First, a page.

The secret ballot: Protect it
A new report on the United Auto Workers' attempt to organize Volkswagen's plant in Chattanooga, Tenn., makes clear the need to better protect workers' right to secret-ballot unionization elections.
Competitive Enterprise Institute policy analyst Trey Kovacs writes that the UAW, having failed at other foreign automakers' U.S. plants, had its reasons for targeting VW in Chattanooga. It wanted a labor-management “works council” like those at VW's other plants and contended U.S. labor law required union representation to form one. And VW pledged neutrality — but coordinated with the UAW behind closed doors, gave it plant access and prohibited anti-union campaigning.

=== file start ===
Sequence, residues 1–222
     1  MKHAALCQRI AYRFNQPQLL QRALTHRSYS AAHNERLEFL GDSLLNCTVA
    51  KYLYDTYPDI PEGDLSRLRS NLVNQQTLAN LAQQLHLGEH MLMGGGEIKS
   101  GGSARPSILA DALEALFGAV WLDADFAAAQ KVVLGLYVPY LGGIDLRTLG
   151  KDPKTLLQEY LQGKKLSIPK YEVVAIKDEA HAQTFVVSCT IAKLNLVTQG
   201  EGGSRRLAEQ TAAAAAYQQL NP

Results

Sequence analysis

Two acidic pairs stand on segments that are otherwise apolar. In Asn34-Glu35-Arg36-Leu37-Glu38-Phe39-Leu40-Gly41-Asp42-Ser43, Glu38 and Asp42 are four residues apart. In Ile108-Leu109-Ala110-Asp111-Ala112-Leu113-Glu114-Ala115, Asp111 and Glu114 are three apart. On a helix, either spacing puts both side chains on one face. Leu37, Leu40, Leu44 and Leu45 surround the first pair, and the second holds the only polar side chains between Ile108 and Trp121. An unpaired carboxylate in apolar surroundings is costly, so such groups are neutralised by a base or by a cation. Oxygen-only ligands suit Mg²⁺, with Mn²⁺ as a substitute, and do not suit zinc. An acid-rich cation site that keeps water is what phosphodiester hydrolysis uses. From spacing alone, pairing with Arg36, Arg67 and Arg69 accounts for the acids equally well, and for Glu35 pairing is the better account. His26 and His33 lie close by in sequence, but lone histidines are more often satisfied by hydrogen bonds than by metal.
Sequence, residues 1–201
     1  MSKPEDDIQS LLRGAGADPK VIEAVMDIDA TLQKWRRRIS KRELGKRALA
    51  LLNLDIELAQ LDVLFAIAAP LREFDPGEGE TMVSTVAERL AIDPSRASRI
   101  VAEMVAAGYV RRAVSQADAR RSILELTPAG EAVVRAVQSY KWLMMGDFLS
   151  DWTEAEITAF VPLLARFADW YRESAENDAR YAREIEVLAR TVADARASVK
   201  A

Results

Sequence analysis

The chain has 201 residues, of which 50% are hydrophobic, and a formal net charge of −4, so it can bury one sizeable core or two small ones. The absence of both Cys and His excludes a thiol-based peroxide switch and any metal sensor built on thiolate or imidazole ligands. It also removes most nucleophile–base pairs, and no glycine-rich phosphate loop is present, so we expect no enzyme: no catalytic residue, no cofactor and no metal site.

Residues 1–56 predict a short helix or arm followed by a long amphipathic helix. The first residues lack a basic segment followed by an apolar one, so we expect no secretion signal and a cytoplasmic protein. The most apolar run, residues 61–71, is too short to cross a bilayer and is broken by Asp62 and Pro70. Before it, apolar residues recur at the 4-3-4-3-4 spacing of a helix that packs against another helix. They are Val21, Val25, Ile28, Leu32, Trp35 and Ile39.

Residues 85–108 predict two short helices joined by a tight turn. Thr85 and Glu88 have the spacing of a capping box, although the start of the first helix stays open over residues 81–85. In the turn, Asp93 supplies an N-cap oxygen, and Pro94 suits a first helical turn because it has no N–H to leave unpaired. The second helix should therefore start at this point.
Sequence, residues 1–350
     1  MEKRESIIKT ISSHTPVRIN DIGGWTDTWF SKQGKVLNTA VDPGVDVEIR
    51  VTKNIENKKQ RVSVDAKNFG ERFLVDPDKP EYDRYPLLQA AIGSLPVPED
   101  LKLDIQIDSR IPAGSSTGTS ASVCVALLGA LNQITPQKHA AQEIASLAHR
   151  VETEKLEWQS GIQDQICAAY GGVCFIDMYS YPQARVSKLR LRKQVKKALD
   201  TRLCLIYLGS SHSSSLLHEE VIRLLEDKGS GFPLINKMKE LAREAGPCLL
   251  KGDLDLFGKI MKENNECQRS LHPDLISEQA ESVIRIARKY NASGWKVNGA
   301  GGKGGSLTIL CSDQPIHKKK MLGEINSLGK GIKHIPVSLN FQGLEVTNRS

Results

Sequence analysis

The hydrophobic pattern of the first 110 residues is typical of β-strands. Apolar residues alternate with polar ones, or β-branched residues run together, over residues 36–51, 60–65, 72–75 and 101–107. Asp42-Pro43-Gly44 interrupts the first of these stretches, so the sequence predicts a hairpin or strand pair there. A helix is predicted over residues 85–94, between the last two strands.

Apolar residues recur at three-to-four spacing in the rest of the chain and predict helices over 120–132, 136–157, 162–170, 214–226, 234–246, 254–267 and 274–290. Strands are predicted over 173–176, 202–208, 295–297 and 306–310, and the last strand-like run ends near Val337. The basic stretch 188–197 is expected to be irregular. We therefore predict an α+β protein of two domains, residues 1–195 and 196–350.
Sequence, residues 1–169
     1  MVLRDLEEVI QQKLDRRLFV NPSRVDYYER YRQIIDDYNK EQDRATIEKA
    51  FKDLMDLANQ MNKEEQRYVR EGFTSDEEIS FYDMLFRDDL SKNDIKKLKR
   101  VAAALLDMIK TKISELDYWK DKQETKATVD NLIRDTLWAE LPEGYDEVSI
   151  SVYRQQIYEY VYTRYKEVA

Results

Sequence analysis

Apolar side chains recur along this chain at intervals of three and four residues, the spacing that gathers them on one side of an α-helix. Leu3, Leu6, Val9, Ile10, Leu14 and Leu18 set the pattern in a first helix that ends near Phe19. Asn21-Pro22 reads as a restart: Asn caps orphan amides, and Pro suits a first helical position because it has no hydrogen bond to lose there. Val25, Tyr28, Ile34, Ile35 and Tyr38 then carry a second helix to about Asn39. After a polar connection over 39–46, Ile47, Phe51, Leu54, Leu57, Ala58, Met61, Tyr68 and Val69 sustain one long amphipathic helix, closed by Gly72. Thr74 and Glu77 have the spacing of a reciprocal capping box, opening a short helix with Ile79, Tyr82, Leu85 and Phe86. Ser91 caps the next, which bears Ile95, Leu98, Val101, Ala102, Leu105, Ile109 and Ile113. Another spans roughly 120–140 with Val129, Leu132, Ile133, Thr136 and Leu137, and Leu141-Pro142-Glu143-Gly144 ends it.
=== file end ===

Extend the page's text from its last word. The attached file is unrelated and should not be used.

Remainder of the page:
The union deceptively said “card check” signatures just signaled desire for more information, though a majority of signed cards would have organized the plant without a secret ballot. The National Labor Relations Board dismissed workers' charges that the UAW was trying to subvert a secret ballot, but a petition drive forced such a vote. U.S. Sen. Bob Corker said the plant would build a new SUV if workers rejected the UAW. They did, 712-626. The union wants a re-vote, claiming coercion by Mr. Corker. A regional NLRB hearing is set for Monday.
Kovacs urges making secret ballots the sole method for unionization elections — no more “card check.” Such reform, which U.S. Sen. Orrin Hatch's Employee Rights Act would accomplish, is a “must” to protect all workers' secret-ballot right.
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